Back in the 1960s, Singapore wasn’t strongly influenced by western media because of the lack of television and other media outlets. During the 1980s and 1990s, people started to get educated about western skateboarding culture and this is when smaller groups of kids in Singapore would pick up this trend and start to skate around their local basketball court or even the Singapore skate park. Skating is influenced with a lot of ideas. Ideas of freedom, ideas of expression, ideas of living. Skating is more than just a board, it is a lifestyle.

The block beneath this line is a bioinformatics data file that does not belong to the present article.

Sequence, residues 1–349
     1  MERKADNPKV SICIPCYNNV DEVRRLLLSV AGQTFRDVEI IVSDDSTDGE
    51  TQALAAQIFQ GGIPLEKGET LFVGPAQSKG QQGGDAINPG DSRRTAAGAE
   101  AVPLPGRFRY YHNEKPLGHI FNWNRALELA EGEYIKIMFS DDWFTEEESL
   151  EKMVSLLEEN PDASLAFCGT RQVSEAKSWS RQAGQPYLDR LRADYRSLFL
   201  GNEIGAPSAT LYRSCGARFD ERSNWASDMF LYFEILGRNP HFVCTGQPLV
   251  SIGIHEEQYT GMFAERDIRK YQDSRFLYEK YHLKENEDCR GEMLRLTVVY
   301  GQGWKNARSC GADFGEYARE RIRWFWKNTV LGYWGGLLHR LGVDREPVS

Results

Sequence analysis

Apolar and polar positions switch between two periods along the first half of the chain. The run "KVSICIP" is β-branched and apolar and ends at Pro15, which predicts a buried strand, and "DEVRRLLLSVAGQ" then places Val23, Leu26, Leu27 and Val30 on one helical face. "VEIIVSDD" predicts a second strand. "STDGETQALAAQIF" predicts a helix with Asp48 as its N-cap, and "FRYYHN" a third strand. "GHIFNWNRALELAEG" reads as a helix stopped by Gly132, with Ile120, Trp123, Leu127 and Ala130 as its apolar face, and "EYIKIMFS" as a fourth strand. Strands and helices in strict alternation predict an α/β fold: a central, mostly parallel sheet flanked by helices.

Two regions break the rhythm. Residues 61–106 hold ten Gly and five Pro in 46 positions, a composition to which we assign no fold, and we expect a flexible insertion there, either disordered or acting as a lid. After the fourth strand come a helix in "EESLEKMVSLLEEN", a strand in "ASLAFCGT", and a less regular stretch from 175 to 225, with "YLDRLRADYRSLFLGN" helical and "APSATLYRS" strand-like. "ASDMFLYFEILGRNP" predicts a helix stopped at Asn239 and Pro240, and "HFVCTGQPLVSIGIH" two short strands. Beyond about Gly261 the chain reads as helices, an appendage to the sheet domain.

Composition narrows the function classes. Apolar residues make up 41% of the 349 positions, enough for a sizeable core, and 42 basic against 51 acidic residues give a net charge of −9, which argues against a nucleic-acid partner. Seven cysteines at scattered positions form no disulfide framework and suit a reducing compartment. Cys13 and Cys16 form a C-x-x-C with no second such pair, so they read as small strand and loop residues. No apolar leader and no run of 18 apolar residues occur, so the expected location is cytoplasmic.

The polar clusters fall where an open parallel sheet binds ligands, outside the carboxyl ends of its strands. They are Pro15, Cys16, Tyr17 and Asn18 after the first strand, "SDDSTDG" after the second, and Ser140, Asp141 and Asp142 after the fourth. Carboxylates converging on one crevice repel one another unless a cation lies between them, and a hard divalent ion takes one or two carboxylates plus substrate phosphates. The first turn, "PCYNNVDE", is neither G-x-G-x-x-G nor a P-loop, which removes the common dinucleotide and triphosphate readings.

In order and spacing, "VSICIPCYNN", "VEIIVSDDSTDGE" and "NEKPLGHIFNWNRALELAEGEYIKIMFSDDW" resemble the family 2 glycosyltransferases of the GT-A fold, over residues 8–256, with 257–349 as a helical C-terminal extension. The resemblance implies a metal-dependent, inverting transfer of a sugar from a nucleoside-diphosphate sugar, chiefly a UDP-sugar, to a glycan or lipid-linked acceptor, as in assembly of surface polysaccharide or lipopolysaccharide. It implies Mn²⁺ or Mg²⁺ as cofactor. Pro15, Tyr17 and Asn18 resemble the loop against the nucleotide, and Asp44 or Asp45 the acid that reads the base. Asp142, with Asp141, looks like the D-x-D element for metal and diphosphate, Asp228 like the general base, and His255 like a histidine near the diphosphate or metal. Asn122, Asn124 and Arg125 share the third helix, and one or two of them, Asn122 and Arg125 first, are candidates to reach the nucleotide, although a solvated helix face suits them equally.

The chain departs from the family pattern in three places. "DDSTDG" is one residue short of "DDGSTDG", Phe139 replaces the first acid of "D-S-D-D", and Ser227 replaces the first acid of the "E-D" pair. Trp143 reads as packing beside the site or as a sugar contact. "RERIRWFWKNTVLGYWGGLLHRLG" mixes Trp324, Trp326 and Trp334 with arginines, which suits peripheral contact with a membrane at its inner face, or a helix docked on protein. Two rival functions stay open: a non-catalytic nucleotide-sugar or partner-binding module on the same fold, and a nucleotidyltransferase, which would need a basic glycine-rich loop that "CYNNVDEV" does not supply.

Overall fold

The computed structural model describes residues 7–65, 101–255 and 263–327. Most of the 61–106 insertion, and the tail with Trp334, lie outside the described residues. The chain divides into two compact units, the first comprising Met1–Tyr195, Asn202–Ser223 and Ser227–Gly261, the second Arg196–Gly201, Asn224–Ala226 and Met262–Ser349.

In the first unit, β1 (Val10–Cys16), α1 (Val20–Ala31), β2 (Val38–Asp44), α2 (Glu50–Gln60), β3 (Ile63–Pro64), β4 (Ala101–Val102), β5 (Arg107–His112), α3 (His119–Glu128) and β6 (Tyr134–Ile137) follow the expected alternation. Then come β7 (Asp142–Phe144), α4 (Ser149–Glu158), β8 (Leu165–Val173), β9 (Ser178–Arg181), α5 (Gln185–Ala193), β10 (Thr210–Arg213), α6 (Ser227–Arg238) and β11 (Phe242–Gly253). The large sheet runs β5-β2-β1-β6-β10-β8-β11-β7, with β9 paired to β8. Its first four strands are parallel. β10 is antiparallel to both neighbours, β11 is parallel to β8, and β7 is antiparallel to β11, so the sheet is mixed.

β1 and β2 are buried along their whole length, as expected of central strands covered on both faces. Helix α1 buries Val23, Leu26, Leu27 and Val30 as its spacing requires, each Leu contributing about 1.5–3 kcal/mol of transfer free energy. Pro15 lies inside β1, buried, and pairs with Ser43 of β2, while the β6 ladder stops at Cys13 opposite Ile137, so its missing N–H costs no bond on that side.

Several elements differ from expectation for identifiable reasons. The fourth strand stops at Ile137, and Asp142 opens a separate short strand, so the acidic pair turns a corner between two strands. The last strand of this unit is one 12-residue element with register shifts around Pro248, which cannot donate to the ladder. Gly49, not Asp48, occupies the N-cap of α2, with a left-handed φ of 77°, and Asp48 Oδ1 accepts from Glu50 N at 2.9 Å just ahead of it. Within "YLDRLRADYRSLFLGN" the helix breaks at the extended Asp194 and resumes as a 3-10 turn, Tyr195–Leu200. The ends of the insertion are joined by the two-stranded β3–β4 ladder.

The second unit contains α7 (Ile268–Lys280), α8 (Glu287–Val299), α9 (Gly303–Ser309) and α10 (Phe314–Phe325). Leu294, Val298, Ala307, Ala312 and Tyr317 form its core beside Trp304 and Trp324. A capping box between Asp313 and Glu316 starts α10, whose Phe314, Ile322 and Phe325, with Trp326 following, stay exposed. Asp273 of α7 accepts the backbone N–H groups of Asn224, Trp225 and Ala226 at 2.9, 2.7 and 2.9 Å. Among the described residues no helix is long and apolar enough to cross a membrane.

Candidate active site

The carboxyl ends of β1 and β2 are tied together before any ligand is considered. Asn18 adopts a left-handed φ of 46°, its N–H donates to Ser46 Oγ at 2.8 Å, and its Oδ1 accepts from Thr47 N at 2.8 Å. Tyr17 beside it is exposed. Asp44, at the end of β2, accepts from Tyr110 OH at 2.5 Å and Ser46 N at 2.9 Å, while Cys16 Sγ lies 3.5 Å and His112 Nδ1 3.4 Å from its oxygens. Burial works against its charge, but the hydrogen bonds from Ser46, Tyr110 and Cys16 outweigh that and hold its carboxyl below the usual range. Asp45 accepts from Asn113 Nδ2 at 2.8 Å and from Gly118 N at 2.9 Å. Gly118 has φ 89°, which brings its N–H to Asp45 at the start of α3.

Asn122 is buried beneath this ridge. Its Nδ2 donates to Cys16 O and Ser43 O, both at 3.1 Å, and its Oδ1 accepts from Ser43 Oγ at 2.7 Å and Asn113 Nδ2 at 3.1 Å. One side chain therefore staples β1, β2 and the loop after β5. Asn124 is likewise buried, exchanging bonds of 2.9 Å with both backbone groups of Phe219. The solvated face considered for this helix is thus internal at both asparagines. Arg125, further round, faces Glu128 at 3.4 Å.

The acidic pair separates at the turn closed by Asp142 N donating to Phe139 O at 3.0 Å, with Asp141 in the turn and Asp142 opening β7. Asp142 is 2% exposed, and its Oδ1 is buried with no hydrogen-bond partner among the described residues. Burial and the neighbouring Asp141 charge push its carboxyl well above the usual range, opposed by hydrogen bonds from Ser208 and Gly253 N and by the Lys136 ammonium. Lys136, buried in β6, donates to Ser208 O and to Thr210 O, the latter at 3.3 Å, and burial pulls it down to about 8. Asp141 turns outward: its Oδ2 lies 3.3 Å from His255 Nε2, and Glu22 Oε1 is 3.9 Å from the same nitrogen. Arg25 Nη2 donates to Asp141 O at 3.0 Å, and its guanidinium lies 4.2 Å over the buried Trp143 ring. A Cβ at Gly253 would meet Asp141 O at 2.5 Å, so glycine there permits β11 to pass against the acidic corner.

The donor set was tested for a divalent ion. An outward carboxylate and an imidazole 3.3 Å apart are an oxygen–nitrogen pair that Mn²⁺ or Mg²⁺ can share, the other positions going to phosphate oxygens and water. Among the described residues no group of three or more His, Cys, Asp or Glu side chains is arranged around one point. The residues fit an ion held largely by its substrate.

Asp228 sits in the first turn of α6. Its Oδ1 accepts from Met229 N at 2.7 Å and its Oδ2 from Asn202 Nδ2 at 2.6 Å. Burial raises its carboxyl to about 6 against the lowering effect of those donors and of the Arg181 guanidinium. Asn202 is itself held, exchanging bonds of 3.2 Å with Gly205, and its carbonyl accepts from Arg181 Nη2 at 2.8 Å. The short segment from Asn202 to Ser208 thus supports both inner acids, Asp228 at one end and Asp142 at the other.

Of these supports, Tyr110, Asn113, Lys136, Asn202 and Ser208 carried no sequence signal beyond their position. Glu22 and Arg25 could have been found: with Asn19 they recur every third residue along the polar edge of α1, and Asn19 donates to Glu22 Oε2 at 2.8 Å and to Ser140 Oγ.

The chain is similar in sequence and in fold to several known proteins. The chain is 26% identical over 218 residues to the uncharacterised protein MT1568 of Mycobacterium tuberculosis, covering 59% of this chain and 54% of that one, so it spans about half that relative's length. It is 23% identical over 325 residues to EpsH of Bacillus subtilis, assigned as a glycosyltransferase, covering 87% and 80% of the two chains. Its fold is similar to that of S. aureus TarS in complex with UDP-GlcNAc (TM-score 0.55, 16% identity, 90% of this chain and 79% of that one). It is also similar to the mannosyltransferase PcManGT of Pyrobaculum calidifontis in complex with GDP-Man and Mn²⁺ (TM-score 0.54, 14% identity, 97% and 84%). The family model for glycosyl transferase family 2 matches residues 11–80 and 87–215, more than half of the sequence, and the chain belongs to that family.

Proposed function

Abstract but Understandable

The beauty of creative writing is the free flow of uncontrollable thoughts and concepts scattered like stars in the sky but then connect as liquid fills your eyes and light Is scattered around as if they are related to one another. Oh the beauty of creative writing. Sadly, sometimes when we are too preoccupied with our abstract thoughts, we tend to forget about the importance of being understood. As silly as it sounds, we focus more on content when we are in our creative state of mind which is a good thing but it also needs a followup. Our content needs to be understood.

Now, how do we do this? Well, we need to organize our thoughts and ideas. You can’t leave a piece of art scattered on the floor! You have to put the pieces together, find a good spot, and display it for your world to see.